I am wondering why the Minneapolis Federal Reserve Bank, whose purpose is to protect and promote the economic health of the region, would have a couple of its
people write a letter to the Star Tribune in support of eliminating zoning regulations designed to protect property values, wealth, and the Minneapolis economy just so developers will have the right to gut-for-profit every healthy neighborhood in Minneapolis?
Or why a couple Fed guys would be allowed to write a letter that misstates, misuses, and lies about the simplest of all economic principles, misstates and lies about facts, and misstates and lies about what others have written in order to make an argument that, if presented in any economics class in the world, should receive a failing grade?
More than that, the only thing the letter by Feldman and Wright proves, even to those who have never taken an economics class, is that the Federal Reserve is either in bed with developers or is no longer hiring real economists.
House values decline with age?
Zoning laws and building codes increase housing costs and provide no benefits?
Building very expensive houses will cause a trickle up move that will increase the “supply” of low cost houses at the bottom?
Versions of the Minneapolis 2040 Plan were successful in Portland and Seattle, even though the spokespeople for the 2040 Plan (as part of their sales pitch) say such plans in Seattle, Portland, and San Francisco were total failures?
Market-rate housing?
Government subsidies can’t help the affordable housing problem, even though Feldman and Wright say subsidies
can help low income people buy houses, even if it is at higher prices?
The simple purpose of my article was to explain why the creators and promoters of the 2040 Plan should not expect policies based on a misuse of economics to help reach the Plan’s stated goals or expected results, which include helping solve the affordable housing problem.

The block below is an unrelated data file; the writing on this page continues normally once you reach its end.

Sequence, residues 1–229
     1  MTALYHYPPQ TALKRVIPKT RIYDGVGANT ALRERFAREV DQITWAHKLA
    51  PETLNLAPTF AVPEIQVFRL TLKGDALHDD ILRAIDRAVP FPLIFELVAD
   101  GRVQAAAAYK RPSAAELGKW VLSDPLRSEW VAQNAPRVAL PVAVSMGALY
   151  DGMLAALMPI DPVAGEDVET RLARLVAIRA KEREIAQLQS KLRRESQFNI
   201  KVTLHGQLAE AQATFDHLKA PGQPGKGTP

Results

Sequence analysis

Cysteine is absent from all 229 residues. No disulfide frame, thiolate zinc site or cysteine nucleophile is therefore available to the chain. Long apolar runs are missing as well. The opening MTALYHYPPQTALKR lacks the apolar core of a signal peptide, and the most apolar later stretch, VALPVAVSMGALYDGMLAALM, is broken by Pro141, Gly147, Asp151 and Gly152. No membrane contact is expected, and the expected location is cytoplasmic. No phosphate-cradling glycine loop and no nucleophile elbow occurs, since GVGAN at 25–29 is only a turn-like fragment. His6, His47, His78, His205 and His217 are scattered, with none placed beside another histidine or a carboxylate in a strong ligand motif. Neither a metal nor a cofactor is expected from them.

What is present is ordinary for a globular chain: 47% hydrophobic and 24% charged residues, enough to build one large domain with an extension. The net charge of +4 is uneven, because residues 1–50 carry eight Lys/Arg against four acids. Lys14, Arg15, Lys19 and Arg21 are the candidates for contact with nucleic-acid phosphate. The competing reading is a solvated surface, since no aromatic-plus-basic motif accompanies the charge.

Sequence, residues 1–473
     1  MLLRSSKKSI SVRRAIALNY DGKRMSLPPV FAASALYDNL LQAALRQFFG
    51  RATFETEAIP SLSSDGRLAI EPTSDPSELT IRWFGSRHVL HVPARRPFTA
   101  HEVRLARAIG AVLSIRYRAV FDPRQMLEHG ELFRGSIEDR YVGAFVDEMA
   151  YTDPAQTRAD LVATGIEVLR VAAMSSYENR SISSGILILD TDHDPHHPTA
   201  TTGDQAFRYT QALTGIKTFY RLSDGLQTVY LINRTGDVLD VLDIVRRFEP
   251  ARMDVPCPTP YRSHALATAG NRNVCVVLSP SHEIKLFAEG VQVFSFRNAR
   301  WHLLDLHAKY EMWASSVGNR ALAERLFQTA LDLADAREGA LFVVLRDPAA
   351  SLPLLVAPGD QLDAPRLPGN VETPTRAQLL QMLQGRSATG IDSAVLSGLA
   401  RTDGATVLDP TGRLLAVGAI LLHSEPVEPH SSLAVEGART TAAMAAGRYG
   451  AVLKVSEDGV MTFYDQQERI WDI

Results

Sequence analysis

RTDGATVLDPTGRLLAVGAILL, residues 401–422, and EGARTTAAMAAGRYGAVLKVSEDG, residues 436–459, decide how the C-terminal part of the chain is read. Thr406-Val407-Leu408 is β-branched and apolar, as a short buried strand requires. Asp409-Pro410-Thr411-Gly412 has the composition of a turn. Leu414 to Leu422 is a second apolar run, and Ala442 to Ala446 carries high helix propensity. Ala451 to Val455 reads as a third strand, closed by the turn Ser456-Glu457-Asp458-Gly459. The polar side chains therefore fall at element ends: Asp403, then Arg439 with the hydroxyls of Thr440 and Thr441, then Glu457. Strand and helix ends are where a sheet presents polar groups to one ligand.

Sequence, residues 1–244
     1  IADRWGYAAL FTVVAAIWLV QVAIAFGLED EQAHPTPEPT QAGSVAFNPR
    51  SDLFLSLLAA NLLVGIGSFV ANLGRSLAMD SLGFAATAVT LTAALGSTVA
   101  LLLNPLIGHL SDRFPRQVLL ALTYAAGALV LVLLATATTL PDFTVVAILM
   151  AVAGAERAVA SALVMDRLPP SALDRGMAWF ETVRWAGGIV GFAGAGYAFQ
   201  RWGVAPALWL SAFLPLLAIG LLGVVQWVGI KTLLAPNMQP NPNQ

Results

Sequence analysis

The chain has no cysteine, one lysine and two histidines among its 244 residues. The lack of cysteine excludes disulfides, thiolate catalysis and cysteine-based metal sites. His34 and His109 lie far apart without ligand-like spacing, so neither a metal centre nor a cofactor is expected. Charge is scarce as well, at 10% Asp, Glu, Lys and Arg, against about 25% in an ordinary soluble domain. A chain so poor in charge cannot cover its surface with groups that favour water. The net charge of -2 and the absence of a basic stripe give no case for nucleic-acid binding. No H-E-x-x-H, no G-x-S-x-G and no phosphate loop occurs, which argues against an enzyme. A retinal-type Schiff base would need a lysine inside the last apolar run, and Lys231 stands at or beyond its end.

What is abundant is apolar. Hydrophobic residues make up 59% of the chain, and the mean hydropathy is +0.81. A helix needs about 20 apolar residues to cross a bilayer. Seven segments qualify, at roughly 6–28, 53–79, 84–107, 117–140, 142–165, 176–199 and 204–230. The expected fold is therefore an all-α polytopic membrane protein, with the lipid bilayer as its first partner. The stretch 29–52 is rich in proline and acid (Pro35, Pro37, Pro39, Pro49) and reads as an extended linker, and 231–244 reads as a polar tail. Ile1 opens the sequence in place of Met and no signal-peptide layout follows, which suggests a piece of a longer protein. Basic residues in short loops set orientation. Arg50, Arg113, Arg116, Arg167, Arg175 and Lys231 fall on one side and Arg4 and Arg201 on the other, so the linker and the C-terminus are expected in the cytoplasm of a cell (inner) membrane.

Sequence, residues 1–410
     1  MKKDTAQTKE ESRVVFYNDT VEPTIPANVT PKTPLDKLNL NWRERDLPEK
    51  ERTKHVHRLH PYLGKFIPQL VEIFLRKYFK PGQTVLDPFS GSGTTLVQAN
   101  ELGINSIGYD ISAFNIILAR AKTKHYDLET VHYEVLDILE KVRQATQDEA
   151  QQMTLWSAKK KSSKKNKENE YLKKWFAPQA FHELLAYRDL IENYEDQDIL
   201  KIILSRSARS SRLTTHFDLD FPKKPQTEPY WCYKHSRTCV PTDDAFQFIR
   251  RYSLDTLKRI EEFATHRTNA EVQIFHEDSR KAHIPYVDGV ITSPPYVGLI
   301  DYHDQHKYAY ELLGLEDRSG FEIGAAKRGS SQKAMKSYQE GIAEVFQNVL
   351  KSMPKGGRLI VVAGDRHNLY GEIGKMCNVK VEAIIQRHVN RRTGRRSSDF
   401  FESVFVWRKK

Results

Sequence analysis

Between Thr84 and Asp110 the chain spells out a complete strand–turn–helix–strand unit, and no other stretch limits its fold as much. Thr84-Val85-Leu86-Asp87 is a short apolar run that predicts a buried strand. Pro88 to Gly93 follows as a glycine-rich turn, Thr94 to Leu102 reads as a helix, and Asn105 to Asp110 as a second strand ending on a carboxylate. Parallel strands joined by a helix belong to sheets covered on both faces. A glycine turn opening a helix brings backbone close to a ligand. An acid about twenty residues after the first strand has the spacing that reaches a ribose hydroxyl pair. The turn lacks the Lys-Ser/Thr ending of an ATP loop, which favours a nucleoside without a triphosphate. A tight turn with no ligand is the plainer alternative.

The simple purpose of the Feldman and Wright letter is to help developers destroy some of he greatest single-family home neighborhoods in the world.
For your information, I am enclosing the Opinion piece I wrote to the Star Tribune and a paragraph-by-paragraph response to the Feldman and Wright letter.
My reason for writing you is to hope that if you look honestly at the irreversible damage the Minneapolis 2040 Plan (especially the up-zoning) will do to the residents and the economy of the city and region, while doing even more damage to the people it claims it will help (people of color and those in indigenous neighborhoods who were left behind by previous plans), you might use the Fed’s influence to help protect the residents and the city’s economy from developers who, without being constrained by zoning laws and building codes, will do what is most profitable for them, regardless of the harm it does to others. Of course, doing so will require you to dismiss the economic fallacies and lies in the Feldman and Wright letter, many of which come directly from Austrian economists who have always argued that anything government does destroys wealth and hurts the economy and anything private individuals and businesses do, especially if it is unregulated, is as good as it gets.
Thank you,
Dennis Paulaha
P.S. I would love to be in a room where Feldman and Wright are up at a blackboard trying to make their “argument” to real economists.


 
My response to the October 17, 2018 letter by Ron Feldman and Mark Wright from the Minneapolis Federal Reserve Bank regarding my July 23, 2018 Opinion piece on the Minneapolis 2040 Plan.
Dennis Paulaha, Ph.D.
Interesting response from the Federal Reserve. I would suggest Ron Feldman and Mark Wright reread my July 23, 2018 article in the Minneapolis Star Tribune. Then I would suggest they reread every economics textbook they might have. I would like to assume, because Ron Feldman and Mark Wright work at the Minneapolis Federal Reserve Bank, they would put the residents and the economic health of the city and region ahead of special business interests, an assumption that is dismissed by their blatant misuse of economics in order to put developers and commercial interests ahead of the residents, the city, and the regional economy.
Paragraph one: “Minnesota is experiencing an affordable housing crisis. Housing costs eat up too much of the budget for many Minnesota families, particularly those with low incomes. But there is no consensus about how to fix this problem.”
One of the most important things I learned from Milton Friedman, one of the world’s most famous economists, is that if you can get someone to accept or skip over an initial premise or statement, even if it is false, you have a good chance of winning an argument, which is why first paragraphs or opening statements are always the key to the honesty and validity of any argument.